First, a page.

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The Farm Security Administration was a Depression-era agency in the United States providing a variety of support programs to poor, rural farmers. The agency initially was known as the Resettlement Administration because of its primary function of moving farm families off of small, unproductive, unprofitable farms and resetting them in communities of similar farm families working large tracts of government-owned land. The resettlement mission was abandoned in the late 1930s as a result of political opposition, but the agency has survived to this day with other duties as the Farmers Home Administration.
In the Great Depression, many tenant farmers and sharecroppers could not produce enough crops to sell at market value and sustain their livelihoods. Too many farmers were chasing too few buyers for their crops. The Dust Bowl contributed to this as well, as both a long drought and soil erosion resulting from poor farming techniques reduced farm productivity. To combat both problems, the government of President Franklin D. Roosevelt desired to educate the small farmers on modern farming techniques and reduce the overall number of farmers in the nation.
The federal government formed the Resettlement Administration in 1935 as part of the New Deal. Later that year, the Resettlement Administration was renamed the Farm Security Administration. The first task of the Farm Security Administration, or FSA, involved creating large, government-owned farms by buying the small tracts of struggling farmers who had productive land but could not make a living on it. The FSA relocated displaced farm families, and the families moved from unproductive farms to camps near the large tracts. There they received education in modern farm techniques and were paid to work the government land.
An increasing number of conservative members of Congress took issue with what they believed was the Farm Security Administration's Soviet-style collectivization of agriculture. At the same time, the displaced farmers argued for the right to buy small farms of their own and asked for government assistance. The FSA’s mission shifted as a result to providing low-interest loans that allowed small farmers to purchase their own tracts of land.
A lasting impact of the Farm Security Administration was a program implemented by its Information Division to send photographers into the U.S. farm country to put a human face on the plight of farmers for the rest of the country. Many of these photographers would go on to become famous artists. Their heart-rending images of struggling farmers and their families, which can be found online at the Library of Congress digital library, came to signify for many the hardships wrought by the Depression.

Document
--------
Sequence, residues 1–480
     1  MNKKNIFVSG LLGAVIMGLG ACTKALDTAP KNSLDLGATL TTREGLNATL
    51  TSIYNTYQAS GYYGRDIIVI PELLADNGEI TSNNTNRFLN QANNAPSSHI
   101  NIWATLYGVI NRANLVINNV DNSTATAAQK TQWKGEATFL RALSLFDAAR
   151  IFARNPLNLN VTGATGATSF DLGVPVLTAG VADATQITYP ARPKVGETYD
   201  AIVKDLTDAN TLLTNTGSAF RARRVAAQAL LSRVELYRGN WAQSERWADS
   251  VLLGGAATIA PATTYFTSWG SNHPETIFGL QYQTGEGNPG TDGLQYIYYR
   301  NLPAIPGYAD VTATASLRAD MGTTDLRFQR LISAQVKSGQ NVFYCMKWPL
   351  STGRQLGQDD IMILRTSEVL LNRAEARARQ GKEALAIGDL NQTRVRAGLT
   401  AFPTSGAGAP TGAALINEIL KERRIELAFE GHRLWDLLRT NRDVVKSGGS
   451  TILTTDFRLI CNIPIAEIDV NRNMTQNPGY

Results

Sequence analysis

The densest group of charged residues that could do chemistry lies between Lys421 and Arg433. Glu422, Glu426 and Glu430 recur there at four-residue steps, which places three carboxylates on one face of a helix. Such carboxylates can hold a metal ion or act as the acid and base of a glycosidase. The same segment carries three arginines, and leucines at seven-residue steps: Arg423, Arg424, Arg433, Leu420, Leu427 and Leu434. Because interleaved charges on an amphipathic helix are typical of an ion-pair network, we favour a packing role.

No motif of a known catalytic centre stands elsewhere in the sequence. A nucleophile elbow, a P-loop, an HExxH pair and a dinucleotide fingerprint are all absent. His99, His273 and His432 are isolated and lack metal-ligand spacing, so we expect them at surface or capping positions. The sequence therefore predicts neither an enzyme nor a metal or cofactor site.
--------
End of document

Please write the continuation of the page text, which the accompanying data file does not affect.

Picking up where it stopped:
An aspect of the Farm Security Administrations resettlement efforts that often goes unnoticed or at least unmentioned is the way many people were displaced.
The farm land that was set aside for Farm Security Administration clients was often times already being farmed by other tenant farmers. These farmers were forced to move else where if they were not linked with the Farm Security Administration.
In many instances the farmers displaced were African American farmers. This added to already stressed racial relations between blacks and whites in many areas, particularly in the South.
Unlike many of the government programs created during tough economic times, the programs provided through the Farm Security Administration were not designed to provide free help to people. In other words, the administration was not in the business of giving people free handouts.
Clients who approached the Farm Security Administration were screened with the purpose of finding people who were experiencing hard times because of reasons beyond their control. The administration wanted to support people who were most likely to benefit from governmental aid. These were people who still had the desire and the physical ability to succeed with a little help.
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